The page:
Graduates and the language of jobs

Is getting a job more important than being employable?

Martin Edmondson, CEO of Gradcore and Graduates Yorkshire, has found that graduates and employers may be looking at careers from different perspectives.

photo by Zach Klein

photo by Zach Klein

In preparation for the Graduate Employment Conference 2012 (#GEC12), I’ve asked Martin whether students and graduates viewed ’employability’ differently to employers and, if so, how parties could move closer to a shared understanding:

“The whole of the Gradcore business concept is built on improving the understanding and interactions between organisations, universities and graduate. Therefore we take this issue pretty seriously.

“We have recently finished our second running of the ‘Big Graduate Survey’ in Yorkshire, and have doubled our responses this year, with 3800 graduates responding. One of the free-text response questions asked what they wanted from their careers services. Whilst we haven’t yet had time to process the 1400 comments, our clever survey software can produce a wordcloud from the responses, with the biggest word being most commonly mentioned. The word that emerged was ‘Jobs’ and not ‘Employability’. This does not mean that employability is not important, it just means that the head down graduate view of employability can be encapsulated in ‘help me get a job’.”

When I speak with graduates, language does turn to matters of ‘looking for a job’, ‘applying for jobs’. ‘Employability’ isn’t a term frequently mentioned. And with a lot of advice suggesting that graduates tailor each application to the particular job, perhaps the focus moves to being employable for every individual job, rather than growing an understanding of what makes a person employable in an overall sense. There is no single answer, but there are certainly common themes.

Even common themes can prove difficult, as Martin explains:

“From the employer perspective there is as much disagreement about what constitutes employability as there is in Universities. One of the most commonly cited components of employability cited by employers is ‘commercial awareness’. Unfortunately when you ask 5 different employers what commercial awareness is, you will get five different answers. In our employability development courses we have taken this on board and now coach graduates in what we have categorised as the 5 key elements of commercial awareness. Maybe even that is too complex, as I recently met a chamber of commerce president  who insisted that her members knew graduates had skills but simply wanted them to get better at being ‘nice people to work with’.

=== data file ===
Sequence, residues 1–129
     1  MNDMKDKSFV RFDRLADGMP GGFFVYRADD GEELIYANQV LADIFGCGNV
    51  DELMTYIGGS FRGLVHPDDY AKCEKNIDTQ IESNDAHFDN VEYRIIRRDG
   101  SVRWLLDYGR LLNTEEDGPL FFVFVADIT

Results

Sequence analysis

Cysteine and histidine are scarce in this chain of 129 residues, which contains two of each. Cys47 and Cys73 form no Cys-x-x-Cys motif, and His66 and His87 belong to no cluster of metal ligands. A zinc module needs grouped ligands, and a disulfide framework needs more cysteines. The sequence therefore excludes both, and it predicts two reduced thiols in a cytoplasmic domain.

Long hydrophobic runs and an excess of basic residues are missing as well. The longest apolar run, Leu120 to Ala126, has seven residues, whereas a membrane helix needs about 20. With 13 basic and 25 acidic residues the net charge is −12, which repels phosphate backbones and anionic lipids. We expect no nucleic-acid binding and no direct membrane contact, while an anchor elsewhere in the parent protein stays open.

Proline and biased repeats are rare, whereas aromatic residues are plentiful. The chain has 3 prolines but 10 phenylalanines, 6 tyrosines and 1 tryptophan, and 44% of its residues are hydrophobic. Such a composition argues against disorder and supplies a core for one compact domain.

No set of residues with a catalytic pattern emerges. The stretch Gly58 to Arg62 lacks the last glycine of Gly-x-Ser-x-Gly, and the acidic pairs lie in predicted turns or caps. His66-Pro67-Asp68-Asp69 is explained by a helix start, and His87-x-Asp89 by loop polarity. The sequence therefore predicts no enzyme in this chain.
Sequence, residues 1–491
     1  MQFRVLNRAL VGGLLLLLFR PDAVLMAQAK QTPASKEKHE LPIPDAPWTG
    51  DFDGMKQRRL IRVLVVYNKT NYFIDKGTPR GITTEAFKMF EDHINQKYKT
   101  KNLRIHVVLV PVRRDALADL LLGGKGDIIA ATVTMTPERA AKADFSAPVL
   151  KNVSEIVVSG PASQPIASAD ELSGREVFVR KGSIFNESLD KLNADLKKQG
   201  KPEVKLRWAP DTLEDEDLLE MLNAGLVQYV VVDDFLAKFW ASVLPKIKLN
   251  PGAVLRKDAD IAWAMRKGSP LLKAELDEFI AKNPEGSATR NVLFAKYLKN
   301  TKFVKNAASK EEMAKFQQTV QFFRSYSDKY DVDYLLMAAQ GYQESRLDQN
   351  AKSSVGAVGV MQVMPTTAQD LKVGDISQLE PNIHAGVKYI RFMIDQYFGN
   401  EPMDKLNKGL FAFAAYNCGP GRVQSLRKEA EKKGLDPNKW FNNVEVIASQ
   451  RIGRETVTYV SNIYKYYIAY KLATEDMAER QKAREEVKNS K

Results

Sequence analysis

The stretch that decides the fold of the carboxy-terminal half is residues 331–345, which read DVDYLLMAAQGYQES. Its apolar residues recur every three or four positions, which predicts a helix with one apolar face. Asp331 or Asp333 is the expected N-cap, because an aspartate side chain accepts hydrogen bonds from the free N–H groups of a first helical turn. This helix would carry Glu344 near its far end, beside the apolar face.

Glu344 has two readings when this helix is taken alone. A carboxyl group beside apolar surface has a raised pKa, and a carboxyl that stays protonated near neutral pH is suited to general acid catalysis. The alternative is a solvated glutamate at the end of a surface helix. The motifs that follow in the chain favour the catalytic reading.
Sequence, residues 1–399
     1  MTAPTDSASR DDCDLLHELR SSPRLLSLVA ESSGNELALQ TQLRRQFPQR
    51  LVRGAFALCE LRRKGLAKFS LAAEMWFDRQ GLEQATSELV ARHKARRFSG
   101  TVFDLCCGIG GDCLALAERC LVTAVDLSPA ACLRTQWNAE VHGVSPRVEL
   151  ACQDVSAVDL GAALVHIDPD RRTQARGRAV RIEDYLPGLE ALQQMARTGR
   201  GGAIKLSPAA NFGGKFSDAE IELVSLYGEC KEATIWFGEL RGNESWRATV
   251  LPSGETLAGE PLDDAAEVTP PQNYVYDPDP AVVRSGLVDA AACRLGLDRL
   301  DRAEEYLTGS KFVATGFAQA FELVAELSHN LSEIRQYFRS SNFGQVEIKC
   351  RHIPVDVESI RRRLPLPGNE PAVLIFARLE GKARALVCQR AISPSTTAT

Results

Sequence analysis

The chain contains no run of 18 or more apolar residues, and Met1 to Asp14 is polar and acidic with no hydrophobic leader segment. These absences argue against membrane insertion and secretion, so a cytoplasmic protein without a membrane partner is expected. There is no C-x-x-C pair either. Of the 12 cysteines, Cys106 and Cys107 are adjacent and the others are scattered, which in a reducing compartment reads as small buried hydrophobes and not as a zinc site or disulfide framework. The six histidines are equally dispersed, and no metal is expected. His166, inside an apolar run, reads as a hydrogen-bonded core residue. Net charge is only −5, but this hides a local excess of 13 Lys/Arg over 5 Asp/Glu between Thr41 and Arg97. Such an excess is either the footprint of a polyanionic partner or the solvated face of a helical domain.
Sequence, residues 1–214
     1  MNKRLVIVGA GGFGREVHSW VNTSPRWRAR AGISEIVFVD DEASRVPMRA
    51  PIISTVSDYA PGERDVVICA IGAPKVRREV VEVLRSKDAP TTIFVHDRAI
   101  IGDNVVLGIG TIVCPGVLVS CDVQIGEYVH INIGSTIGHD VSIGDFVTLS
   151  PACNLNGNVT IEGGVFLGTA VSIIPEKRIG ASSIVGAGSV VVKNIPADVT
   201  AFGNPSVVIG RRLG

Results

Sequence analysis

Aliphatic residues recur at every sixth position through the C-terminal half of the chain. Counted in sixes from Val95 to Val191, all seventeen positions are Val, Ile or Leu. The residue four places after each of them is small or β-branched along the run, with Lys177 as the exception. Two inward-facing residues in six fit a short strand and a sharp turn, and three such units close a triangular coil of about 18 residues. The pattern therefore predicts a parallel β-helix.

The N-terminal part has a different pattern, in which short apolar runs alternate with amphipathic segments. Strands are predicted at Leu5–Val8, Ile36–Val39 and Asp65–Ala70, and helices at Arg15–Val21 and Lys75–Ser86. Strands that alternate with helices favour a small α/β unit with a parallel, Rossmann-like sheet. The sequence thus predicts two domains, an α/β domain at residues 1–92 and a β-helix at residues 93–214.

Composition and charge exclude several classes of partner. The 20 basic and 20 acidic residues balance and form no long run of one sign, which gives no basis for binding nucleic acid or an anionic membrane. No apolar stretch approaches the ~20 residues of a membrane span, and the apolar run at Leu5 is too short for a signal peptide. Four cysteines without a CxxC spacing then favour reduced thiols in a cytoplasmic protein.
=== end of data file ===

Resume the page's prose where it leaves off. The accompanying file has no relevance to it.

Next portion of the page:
“As with all things, ascribing a single view to an imaginary homogenous group of graduates, universities and employers is dangerous, but these are real life examples that illustrate the gaps that need bridging. I have found fairly consistently is that in the interconnection of businesses of graduates, common and key factors are culture and values.”

Culture and values suggest an ongoing desire to extend understanding of a wide range of issues. These are not so much skills, but a sense of empathy, engagement, and a forward-facing attitude that’s ready for change.

As Harold Jarche recently said, “Given that 65% of todays’ students will end up in jobs that don’t exist today, we know work will change significantly in the next decade. The network economy is changing everyone’s business, and will significantly affect education and training as well.”

Martin explains that as HE continues to move toward marketisation, students will increasingly consider the link between fees and graduate employment outcomes. He says, “more than ever before, universities need to produce employable graduates (whatever they think that means)”.

The ‘whatever they think that means’ part is important too. Without linking up the views of students, universities, and companies, there is a danger that thoughts will be a confusion of irrelevant assumptions. Without listening to each other, how would students be best placed for the jobs they desire and how would employers be able to find the right fit?

As for universities, how would they keep on board a large number of their students ongoing? While the purpose of university is not solely to train people up for employment, many people attend university in order to help their future prospects. If the links between study and future employability are not forthcoming, what then?

CIHE’s David Docherty suggests, “[Universities] need internships, placements, short-work bursts, and embedded doctorates to help them develop ‘fused graduates'”. Think of it, perhaps, as university beyond university.

Martin Edmondson left me with a number of questions that he sees as important for each group to consider their position:

  • Is one of the issues in student engagement around employability the word itself?
  • How can business adapt to and embrace the qualities brought by generation Y graduates?
  • How can graduates accelerate their understanding of different workplaces so they make themselves attractive to employers?
  • How can culture and values be harnessed to build understanding and connectivity between employers and graduates?
  • How can Universities act as a bridge between the two groups, and develop ones understanding of the other?

These are important questions. It is up to all parties to ensure graduates can shine after they have been at university.

Change is ongoing, which gives much room for innovation. As a recent Harvard Business Review piece asks, “Isn’t real innovation supposed to blow through thresholds to create something of new value?”

So, who’s up for blowing through some thresholds?